Understanding a movie comes down to your perception of the story. Sometimes you're left hopelessly glaring at the director's name, questioning one hundred minutes of your precious life you gave away. Or, you come away from an ending of a movie with an inspiring new outlook on life and our society. This is exactly what the new film 'Black Bear' has seeked to achieve. With an exploding two-act thriller, reversing character roles, and breaking the traditional wall behind the camera, it's explores unique indie filmmaking at its finest. Lead by the nonchalant demeanor of Parks and Recreation actress Aubrey Plaza, many were shocked to see her play an emotional and envious wife for the thriller.
Black Bear (2021)
The acting is phenomenal in this crazed drama. Successfully playing two mirrored characters within one film is an admired talent, and Aubrey Plaza and Sarah Gadon pull it off impeccably. The first act shows Blair (Sarah Gadon) as a jealous pregnant wife, welcoming Allison (Aubrey Plaza) into her let property for a holiday. The tension is instantly set alight between the two attractive females. Aubrey gallops her naked bum across the property in her swimsuit, attracting the eyes of Gabe (Christopher Abbott) the reserved husband whose seeking arousal. The conversations at dinner turn into heated debates about women's roles in society, as the script begins to captivate you. As an audience member, you're stuck in suspense as the housewife bubbles with rage over her husband's dismissive comments about feminism.
Breaking the film in parts creates the two opposing worlds the director was trying to achieve. The second act breaks away from the creepy horror that drew you in. You're suddenly thrown into a dramatic 'behind the camera' crew of making a feature film, with Gabe as the director and Audrey as the star. The drama flips, with Allison now married to the aggressive and arrogant director, worrying about her husband's affair with the now plain-looking extra, Blair. It's a clever and elusive narrative twist from director Lawrence Michael Levine, showcasing messages about identity, and how people can so quickly change their personas.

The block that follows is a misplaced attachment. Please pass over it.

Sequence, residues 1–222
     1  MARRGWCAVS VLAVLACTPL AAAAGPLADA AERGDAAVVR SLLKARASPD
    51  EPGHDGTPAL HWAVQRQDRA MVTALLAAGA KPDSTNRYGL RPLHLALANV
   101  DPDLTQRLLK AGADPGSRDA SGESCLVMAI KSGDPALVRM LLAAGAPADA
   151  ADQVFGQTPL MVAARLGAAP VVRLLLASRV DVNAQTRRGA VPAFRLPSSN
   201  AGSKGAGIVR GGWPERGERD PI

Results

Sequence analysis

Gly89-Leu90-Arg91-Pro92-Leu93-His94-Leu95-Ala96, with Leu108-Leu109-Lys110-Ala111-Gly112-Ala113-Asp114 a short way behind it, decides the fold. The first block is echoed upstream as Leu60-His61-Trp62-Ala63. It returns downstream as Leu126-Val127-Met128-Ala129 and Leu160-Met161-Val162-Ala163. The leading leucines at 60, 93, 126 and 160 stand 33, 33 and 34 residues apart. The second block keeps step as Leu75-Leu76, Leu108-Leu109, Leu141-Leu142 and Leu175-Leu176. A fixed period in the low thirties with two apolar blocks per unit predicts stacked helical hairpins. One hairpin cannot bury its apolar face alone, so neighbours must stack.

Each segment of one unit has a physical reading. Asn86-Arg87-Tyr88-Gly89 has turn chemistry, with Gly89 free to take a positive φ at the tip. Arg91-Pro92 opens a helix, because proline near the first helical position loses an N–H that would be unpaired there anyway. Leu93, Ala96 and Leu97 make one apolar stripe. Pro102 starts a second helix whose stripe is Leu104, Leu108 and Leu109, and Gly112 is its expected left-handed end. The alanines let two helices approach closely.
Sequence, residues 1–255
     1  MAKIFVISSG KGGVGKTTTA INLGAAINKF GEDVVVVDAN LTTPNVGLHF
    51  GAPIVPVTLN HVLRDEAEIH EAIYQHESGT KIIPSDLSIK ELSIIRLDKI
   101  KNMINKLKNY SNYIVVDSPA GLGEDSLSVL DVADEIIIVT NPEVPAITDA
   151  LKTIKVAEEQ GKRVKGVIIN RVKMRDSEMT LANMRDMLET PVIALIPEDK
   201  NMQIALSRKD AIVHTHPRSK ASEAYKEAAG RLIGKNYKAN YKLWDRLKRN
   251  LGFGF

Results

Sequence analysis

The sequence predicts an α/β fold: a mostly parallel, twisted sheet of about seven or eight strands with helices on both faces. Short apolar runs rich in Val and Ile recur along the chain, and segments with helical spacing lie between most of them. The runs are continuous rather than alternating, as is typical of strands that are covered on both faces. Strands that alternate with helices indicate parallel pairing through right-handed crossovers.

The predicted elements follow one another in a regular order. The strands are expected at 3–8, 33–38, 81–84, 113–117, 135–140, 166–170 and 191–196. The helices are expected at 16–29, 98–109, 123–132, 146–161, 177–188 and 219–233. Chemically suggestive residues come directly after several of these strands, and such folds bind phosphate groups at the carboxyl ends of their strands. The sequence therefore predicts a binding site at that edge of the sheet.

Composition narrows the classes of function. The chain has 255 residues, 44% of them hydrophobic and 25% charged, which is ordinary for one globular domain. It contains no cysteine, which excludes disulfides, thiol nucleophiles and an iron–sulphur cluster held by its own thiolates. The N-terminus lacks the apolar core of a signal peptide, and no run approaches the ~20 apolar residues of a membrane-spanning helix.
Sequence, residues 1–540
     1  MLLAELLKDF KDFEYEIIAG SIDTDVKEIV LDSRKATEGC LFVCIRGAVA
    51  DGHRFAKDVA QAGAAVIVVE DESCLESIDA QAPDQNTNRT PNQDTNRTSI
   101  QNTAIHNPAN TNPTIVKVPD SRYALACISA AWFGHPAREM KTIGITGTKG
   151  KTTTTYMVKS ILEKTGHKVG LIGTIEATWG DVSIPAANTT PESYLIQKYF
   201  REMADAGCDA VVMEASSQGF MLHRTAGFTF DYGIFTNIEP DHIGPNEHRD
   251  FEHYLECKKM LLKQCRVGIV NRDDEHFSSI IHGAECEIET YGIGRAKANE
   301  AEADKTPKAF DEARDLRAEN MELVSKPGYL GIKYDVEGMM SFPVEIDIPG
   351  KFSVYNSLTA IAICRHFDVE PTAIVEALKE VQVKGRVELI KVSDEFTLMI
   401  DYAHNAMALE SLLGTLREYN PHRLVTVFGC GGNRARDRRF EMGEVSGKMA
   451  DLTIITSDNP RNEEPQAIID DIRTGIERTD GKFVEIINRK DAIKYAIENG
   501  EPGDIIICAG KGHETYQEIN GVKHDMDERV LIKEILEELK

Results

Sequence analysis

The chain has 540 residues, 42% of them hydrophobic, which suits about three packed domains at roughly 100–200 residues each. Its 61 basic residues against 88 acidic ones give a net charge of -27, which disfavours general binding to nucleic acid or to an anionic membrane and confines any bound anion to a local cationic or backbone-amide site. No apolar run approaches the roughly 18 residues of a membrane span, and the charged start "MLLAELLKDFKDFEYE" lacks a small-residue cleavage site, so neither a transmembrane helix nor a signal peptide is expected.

The repetition is a key driving factor in the success of the film. There are lines repeated in both acts, scenes replayed with different characters, and references to the grizzly bear that all align, creating confusion in your mind, but ultimately linking together the drive behind the whole story. Is she writing this drama out in her mind, creatively making up her role within society, or has she lived this nightmare out in real life and wants to tell the story?
Black Bear (2021)
Having two juxtaposing acts worked well, but the second part felt frantic and overwhelming. The camera work was outstanding in moving you between the rooms, and you felt like part of the filmmaking, but the actors comedy and mockumentary feel came across as a joke for the story. This lost the intensity of the script, which had been built so well in the first half, leaving an grey and tiresome ending.
There is no doubt this is an experimental film, one that breaks the lines in questioning what the audience feels, reflects and believes from a movie. There's an incredible veracity behind all three leading roles. One being a mirrored view of a dysfunctional relationship, the other being the ongoing desire to be creating something amazing; whatever the cost. The most credible being Alison, expressing how society, through the ages, has pressured actress' for a role. Directors, producers and studio heads have created a horror for these stars in the past in which, in the end, they are unaware of what is real life, and what is performance. An entertaining and challenging watch, one which felt almost alive in my living room.
Initial release: 24 January 2020